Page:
2001 VINTAGE report
Riesling Reigns Supreme…Again
NEW YORK - Dec. 14, 2001
In the northern vineyards of Germany, October and November are the critical months for harvesting of the classic late-ripening grape varieties, notably the inimitable Riesling and Spätburgunder (Pinot Noir). This year a "golden October" answered vintners' prayers and yielded spectacular results for the 2001 vintage.
According to the Deutsches Weininstitut, the 2001 harvest yielded a moderately sized crop of remarkable quality and ripeness. The ripe, healthy grapes were easy to vinify and the first barrel samples show clean, straightforward varietal aromas. Whites have a pronounced fruitiness; reds are deep in color.
The Vintage Year
The past few winters have been relatively mild in Germany, with little or no frost damage to the vines. January through April 2001 was extremely wet, which retarded initial development somewhat, but provided water reserves in the soil that ultimately fostered growth. Bud burst took place between mid-April and early May, followed by a period of warmth that promoted rapid growth. Unseasonably cool temperatures in June slightly delayed and/or prolonged the flowering in most regions, yet fruit set was good and coulure was limited. Summer was marked by intervals of hot and humid, as well as hot and dry weather. The latter, combined with timely plant protection measures, helped alleviate problems with pests and fungal diseases. Bunch pruning and negative selection prior to the final ripening period were necessary nearly everywhere to control yields.
In all, harvest prospects were very good at the end of August. Just days later, however, the weather abruptly turned cool and wet and remained so throughout September, prompting fears and reminders of the difficult 2000 vintage when wet weather posed considerable challenges in the vineyard. Fortunately, the weather turned and October was blessed with mild temperatures and plenty of sunshine, leading to the overall excellent outcome of vintage 2001. With the exception of some Eiswein optimists, German winegrowers picked the last of their grapes during the first half of November.
Quantity and Quality
The 2001 wine harvest in most European countries was below average in size and Germany was no exception. The current estimate stands at 9 million hectoliters, approximately 12 percent less than the latest 10-year average (10,246,693 hl). And, although statistics regarding the specific quality (ripeness) levels are not yet available, the German Wine-Growers' Association, Bonn, estimates that the majority of this year's harvest was ripe enough to qualify as high-level Kabinett wine of very solid quality. It is clear that Riesling and other late-ripening varieties yielded a high proportion of Prädikat wines, including rarities such as Trockenbeerenauslese and Eiswein. Winegrowers have reported must weights of 185° Oechsle for a Trockenbeerenauslese in late October in the Middle Mosel, and in the Nahe on November 11 Eiswein was harvested at 140° Oechsle, for example.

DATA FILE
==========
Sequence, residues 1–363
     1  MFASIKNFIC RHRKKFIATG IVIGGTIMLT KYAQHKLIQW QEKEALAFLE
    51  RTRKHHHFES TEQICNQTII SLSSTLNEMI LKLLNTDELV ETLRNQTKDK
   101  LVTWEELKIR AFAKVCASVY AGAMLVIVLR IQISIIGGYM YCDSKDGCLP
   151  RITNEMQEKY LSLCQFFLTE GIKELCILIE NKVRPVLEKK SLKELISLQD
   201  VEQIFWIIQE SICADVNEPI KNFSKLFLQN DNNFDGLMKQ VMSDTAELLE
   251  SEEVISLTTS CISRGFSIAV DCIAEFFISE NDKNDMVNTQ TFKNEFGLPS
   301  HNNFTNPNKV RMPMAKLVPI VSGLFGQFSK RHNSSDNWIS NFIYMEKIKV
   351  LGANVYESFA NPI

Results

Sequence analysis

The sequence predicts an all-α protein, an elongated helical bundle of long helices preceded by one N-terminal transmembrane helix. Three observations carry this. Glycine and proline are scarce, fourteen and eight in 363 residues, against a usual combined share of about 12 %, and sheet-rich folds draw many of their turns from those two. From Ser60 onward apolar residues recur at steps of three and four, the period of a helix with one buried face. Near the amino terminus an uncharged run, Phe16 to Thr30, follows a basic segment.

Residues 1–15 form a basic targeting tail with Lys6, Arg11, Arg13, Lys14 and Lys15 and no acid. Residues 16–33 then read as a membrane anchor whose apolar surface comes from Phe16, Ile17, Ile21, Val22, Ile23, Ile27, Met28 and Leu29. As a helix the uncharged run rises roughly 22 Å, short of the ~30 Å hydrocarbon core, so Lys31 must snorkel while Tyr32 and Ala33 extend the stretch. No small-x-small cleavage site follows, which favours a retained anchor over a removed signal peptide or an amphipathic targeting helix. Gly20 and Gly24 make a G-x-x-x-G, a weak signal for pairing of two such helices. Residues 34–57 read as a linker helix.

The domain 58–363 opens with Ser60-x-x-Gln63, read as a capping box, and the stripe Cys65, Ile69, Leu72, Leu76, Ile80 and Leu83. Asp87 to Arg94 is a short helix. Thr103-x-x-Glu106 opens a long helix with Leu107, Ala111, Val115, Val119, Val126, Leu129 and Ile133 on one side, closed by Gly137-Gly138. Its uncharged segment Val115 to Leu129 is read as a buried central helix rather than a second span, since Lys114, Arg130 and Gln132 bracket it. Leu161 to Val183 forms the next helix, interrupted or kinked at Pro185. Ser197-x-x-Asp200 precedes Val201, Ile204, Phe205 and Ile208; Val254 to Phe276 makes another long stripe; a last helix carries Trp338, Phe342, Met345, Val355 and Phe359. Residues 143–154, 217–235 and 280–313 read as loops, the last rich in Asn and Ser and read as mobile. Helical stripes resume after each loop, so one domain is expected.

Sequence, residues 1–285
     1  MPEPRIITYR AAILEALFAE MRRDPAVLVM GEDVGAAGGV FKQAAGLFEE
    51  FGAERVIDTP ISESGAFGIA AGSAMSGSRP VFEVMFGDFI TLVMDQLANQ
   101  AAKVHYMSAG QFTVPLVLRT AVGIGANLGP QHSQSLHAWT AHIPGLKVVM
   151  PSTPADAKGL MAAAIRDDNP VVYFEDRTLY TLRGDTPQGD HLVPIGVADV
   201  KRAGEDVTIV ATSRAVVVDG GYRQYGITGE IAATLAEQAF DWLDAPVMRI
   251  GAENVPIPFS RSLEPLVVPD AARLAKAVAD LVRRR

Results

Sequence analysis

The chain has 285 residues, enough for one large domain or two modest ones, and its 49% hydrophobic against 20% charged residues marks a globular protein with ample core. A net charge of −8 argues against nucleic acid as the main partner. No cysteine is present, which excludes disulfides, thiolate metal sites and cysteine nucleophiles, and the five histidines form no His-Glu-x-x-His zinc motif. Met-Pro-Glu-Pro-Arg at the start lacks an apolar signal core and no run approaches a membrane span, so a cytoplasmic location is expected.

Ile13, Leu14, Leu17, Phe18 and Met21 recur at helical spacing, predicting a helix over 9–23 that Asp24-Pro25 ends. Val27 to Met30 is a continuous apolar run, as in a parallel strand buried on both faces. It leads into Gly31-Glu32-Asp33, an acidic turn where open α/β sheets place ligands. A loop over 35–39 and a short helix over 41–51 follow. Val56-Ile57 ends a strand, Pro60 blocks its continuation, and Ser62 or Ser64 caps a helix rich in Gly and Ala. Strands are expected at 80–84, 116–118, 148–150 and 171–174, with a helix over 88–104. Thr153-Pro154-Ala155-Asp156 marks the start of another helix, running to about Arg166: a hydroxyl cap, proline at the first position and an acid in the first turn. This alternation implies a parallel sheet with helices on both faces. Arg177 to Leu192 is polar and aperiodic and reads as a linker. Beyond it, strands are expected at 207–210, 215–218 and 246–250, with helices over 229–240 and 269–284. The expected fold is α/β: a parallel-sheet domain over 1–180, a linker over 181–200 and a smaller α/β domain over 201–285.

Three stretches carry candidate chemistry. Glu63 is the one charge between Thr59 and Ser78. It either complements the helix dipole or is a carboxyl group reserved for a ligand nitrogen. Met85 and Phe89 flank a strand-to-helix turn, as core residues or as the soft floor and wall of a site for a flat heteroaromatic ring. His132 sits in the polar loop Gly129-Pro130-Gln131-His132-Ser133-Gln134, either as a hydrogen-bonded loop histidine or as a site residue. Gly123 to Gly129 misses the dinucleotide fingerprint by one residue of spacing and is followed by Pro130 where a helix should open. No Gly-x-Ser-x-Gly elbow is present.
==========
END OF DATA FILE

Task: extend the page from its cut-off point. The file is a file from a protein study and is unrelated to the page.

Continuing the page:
The advent of the dry varietal wines "Classic" and "Selection" in 2000 has helped heighten quality-consciousness among German winegrowers and producers alike. Growers are restricting yields to achieve the higher starting must weights required for both categories. Traditionally, growers under contract with commercial wineries and members of cooperatives have been paid according to the quantity and ripeness of the grapes delivered. Increasingly, now, the overall condition or health of the crop is factored in and payments are adjusted accordingly with premiums or penalties that have fostered quality-oriented vineyard management. Registered, contractual agreements between growers and wineries are expected to increase, not least because they offer winegrowers a viable alternative to the unprofitable bulk wine market. Working with a reliable supply of grapes grown according to quality-oriented specifications enables producers to offer their customers wines of better quality, with a consistent profile.
Of the 200 wine estates, cooperatives and commercial wineries that produced and marketed "Classic" wines during the launch period, some 90 percent intend to maintain or increase production volume, according to a recent survey conducted by the Deutsches Weininstitut, Mainz. Institute Director Armin Göring estimates that some 15 million liters of 2001 "Classic" wines will be produced in the state of Rheinland-Pfalz (encompasses regions of Ahr, Mittelrhein, Mosel-Saar-Ruwer, Nahe, Rheinhessen and Pfalz), and an additional five to six million liters in Baden and Württemberg, equaling well over two million cases of "Classic" wines.
The following chart is based on preliminary, early November, information provided by the German Winegrowers' Association in Bonn.